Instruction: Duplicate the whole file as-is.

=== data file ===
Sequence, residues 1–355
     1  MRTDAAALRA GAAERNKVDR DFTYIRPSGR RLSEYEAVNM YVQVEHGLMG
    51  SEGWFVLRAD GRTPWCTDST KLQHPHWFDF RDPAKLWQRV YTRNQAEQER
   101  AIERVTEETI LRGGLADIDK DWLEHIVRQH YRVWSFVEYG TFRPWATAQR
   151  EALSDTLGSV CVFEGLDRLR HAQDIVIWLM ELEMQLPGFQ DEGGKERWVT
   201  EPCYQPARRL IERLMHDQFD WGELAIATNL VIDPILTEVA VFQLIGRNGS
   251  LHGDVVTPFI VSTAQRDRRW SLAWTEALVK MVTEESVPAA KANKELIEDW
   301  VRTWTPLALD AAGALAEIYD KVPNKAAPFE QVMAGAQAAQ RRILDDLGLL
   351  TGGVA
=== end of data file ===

Sequence, residues 1–355
     1  MRTDAAALRA GAAERNKVDR DFTYIRPSGR RLSEYEAVNM YVQVEHGLMG
    51  SEGWFVLRAD GRTPWCTDST KLQHPHWFDF RDPAKLWQRV YTRNQAEQER
   101  AIERVTEETI LRGGLADIDK DWLEHIVRQH YRVWSFVEYG TFRPWATAQR
   151  EALSDTLGSV CVFEGLDRLR HAQDIVIWLM ELEMQLPGFQ DEGGKERWVT
   201  EPCYQPARRL IERLMHDQFD WGELAIATNL VIDPILTEVA VFQLIGRNGS
   251  LHGDVVTPFI VSTAQRDRRW SLAWTEALVK MVTEESVPAA KANKELIEDW
   301  VRTWTPLALD AAGALAEIYD KVPNKAAPFE QVMAGAQAAQ RRILDDLGLL
   351  TGGVA